Rarely do I read a book that is sufficiently interesting and provocative that I keep it on the shelf for further reference. One such book that has been so influential for me is The Clash of Civilizations and the Remaking of World Order, (1996) by Samuel P. Huntington, a political scientist at Harvard. His thesis was that people’s cultural and religious identities would be the primary source of conflict in the post-Cold War world. Huntington argued that future wars would be fought not between countries, but between cultures, and that Islamic extremism would become the biggest threat to world peace.
For me the book provided a framework for understanding and interpreting relationships of world cultures as they were at the time, and suggested scenarios of future world politics, economies and events. It’s been interesting to consider events as they’ve occurred throughout the past two decades and consider how their likely causes aligned with Huntington’s forecasts.
I recently added another such book to my shelf: The Accidental Superpower, (2014) by Peter Zeihan. Its author, an international strategist, explores the thesis that the new U.S. abundance of shale oil is creating a new paradigm of worldwide geopolitical structure.
At the end of World War II, the U.S. stood alone in the world as the one great superpower. However, unlike victors in previous wars, the U.S. did not demand tribute from the defeated countries or move to permanently occupy and subjugate them. To the contrary, as set forth in the Bretton Woods Agreement, we established the principal of worldwide free trade, opened our markets to imports of foreign goods without tariffs or prescriptive restrictions, and set our navy to be the guarantors of worldwide deep-water shipping. In so doing, we protected shipping lanes to ensure the movement of the emerging supply of crude oil and refined products that our growing economy would need in the years ahead. The overall result has produced the longest period of generally peaceful relations among all neighboring countries, especially those of the European Union.
The U.S. and other countries have prospered during the past seven decades, and the U.S. has been assured a continuing supply of imported crude oil. However, the cost to the U.S. to be the world’s de facto policeman has been a drain on our economy and treasury. It was inevitable that we would need to reduce funding to our navy and its related facilities and services at some time.
Production of shale oil is providing the opportunity and rationale for the U.S. to trim its sails. The Domestic Energy Producers Alliance (“DEPA”) recently announced that the U.S. is now “officially energy independent”. The U.S. hit the “energy independence” milestone of zero net waterborne oil imports this year, as U.S. crude exports surged to a record 2 million barrels per day. The necessity of the U.S. to maintain its expensive navy may be largely obviated. As our navy is downsized, other countries may pick up the burden of the control of shipping lanes. Most of the increases will be by countries for their own border security and protection of export markets. But they will also become a threatening competitor to the U.S.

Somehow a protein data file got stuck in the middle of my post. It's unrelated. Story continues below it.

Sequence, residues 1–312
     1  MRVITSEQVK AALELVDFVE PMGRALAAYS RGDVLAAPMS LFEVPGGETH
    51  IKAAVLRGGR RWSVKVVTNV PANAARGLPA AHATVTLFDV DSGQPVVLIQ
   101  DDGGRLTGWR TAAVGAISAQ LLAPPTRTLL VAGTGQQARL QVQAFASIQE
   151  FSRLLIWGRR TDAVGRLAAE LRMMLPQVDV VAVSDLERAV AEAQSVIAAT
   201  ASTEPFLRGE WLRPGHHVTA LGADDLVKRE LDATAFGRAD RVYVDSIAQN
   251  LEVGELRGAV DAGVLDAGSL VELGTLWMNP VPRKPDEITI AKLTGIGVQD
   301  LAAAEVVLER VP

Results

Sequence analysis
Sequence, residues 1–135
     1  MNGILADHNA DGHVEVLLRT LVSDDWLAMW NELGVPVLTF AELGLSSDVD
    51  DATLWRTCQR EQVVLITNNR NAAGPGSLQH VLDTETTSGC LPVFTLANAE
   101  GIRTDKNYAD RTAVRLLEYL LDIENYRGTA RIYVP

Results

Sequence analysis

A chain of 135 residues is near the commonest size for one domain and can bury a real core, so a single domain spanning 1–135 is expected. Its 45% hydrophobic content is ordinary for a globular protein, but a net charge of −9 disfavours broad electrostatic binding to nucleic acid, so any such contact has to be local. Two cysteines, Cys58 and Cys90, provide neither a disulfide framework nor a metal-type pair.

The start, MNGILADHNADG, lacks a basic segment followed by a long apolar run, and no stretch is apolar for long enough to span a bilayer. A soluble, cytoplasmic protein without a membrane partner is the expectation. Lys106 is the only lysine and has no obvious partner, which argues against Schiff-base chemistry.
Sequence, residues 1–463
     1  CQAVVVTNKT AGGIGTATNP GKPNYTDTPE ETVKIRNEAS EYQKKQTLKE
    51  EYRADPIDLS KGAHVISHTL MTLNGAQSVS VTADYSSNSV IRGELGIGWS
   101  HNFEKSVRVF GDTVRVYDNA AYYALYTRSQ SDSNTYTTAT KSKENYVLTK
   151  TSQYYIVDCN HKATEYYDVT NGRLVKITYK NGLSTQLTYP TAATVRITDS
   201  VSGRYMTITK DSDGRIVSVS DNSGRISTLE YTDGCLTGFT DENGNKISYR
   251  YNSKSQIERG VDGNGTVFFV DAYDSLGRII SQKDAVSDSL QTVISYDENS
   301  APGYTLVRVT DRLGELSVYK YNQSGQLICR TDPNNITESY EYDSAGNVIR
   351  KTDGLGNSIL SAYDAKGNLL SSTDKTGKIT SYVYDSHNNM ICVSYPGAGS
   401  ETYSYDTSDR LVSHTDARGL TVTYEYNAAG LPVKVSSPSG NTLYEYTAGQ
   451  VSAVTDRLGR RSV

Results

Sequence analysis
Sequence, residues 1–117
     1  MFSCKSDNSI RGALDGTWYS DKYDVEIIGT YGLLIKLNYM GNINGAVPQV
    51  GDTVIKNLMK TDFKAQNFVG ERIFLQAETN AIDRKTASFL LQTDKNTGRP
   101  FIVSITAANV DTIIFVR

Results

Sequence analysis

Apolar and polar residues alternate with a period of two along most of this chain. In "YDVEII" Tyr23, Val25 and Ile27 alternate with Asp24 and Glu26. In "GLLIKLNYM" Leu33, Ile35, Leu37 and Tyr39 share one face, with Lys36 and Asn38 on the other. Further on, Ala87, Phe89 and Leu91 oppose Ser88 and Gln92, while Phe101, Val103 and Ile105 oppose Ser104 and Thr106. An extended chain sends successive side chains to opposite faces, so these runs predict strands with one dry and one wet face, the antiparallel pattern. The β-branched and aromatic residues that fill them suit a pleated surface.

Because of many “accidental” factors, including such fortuitous items as relative isolation, friendly countries along our borders, and a broad network of navigable rivers for the transport of raw materials from the interior areas to port centers for manufacturing and/or export, the U.S. is more favorably situated to remain the world’s dominant superpower.
The book is really three: a survey of the resources and geography of the U.S. that have made possible our growth and achievements thus far; the evolution of shale oil and the dominating influence it has and will continue to have; and a discussion of the geography and population of various countries around the world – factors that will determine the probable winners and losers in the next several decades.
The Accidental Superpower is an interesting read for almost everyone, especially those of us intrigued by the geopolitics of the oil and natural gas industry. At a minimum, it is an affirming reflection of how fortunate we are to live in a country with such abundant resources and favorable geography.